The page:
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What is the most concise way to learn about bond and interest rate models from the book Mathematical Models of Financial Derivatives by Yue-Kuen Kwok? I have studied Oksendals Stochastic Differential Equations and have read Option Theory with Stochastic Analysis by Benth, so am not starting completely from scratch. I also have the book Risk Neutral Valuation by Bingham and Kiesel if this could provide a more concise way.

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I haven't read Yue-Kuen Kwok's book, so it's hard for me to comment on it. Based on my personal experience, I'd recommend the following literature, depending on what you're trying to accomplish:

If you're on the quant-path, I think a lot of practitioners would recommend

  • Interest Rate Models – Theory and Prctice (Damiano Brigo & Fabio Mercurio): This is a very heavy book, but it covers a lot of material. Also if you only care about term structure modeling, you really just need to go over a few chapters. The book is extremely well written – easy to follow, concise, and full of examples.

  • Andersen & Piterbarg's Interest Rate Modeling: These three volumes are better kept as references, but they're very detailed and discuss some of the latest developments in term structure modeling (e.g., multi curve construction techniques).

If you're looking for a less rigorous treatment of the material, I'd recommend

  • Fixed Income Securities: Valuation, Risk, and Risk Management (Pietro Veronesi): A few of my friends who did MFE programs used this book as their FI textbook; I read through it very quickly. It has a lot of typos..., but overall, it's still an excellent book. Much much easier to follow then the two above, but full of examples and real life applications.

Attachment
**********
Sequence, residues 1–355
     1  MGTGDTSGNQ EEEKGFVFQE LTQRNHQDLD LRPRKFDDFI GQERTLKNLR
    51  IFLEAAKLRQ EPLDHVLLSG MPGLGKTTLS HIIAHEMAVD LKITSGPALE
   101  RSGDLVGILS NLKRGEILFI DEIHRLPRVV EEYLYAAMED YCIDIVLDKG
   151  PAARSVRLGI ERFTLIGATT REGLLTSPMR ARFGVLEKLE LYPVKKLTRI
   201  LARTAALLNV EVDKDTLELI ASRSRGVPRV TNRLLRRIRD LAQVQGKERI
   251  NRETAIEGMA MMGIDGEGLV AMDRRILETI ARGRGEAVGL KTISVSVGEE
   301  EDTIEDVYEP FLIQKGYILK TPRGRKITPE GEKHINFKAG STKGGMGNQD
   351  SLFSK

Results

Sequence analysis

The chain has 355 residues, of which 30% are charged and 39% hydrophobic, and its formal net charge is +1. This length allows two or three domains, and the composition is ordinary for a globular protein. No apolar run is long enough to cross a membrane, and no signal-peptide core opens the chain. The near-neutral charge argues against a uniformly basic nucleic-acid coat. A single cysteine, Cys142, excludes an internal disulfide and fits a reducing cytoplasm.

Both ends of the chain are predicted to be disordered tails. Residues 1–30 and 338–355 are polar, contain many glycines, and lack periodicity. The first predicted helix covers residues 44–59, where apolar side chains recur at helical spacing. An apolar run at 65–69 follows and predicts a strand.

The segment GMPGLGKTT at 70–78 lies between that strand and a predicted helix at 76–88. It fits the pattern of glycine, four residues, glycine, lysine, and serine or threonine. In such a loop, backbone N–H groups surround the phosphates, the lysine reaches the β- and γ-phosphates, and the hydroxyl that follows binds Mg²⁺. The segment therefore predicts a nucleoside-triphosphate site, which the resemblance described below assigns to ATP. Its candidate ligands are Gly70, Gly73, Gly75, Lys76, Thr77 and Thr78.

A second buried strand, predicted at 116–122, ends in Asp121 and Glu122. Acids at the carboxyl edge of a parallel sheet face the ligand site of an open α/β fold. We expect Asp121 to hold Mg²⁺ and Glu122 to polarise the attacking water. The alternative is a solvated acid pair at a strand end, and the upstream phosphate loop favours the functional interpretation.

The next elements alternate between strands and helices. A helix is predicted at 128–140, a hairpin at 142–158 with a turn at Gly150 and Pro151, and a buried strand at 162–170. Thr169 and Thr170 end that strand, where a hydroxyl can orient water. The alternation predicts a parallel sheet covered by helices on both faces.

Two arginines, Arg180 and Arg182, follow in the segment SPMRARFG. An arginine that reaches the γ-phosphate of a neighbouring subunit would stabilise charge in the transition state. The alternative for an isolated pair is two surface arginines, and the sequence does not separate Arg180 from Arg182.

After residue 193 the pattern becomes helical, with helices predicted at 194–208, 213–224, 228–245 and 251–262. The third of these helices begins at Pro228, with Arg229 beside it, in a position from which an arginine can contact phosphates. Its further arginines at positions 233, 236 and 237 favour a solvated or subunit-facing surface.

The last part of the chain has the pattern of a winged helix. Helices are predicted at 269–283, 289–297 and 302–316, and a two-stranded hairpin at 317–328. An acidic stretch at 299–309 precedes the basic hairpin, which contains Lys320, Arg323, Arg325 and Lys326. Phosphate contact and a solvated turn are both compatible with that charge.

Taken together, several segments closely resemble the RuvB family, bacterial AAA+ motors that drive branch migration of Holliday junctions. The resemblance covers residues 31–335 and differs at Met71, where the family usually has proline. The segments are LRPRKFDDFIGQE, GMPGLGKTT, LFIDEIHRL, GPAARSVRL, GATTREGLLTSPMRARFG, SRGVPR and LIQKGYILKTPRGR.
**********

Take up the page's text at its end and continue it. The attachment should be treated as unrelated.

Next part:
Finally, I'd also recommend

  • Fixed Income Securities: Tools for Today's Markets (Bruce Tuckman): There's a third edition now, but I much prefer the 2nd edition. The 2nd edition doesn't discuss models such as the Libor market model, but from a pedagogical perspective, it's much better written. The strength of the book is that it goes over a lot of market conventions that other books tend to ignore – and in real life trading, these details are exceptionally important. The trading examples are really well explained. If you're trying to gain perspectives on how practitioners (traders & strats) think about the market, this book is a must-read in my opinion. However, this is the least rigorous of the books I'm listing here, and doesn't go into the details of term structure modeling. It does provide lots of intuitions behind the models, so it makes a nice complement to other books.
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Thanks. Am I right in saying that modelling the term structure is the most important part of IR modelling? I read the IR chapter of kwon yesterday is it all seemed to revolve around different parameters of the orstein-uhlenbeck process. I will try to source your first book as well. –  1234 Aug 5 at 12:02

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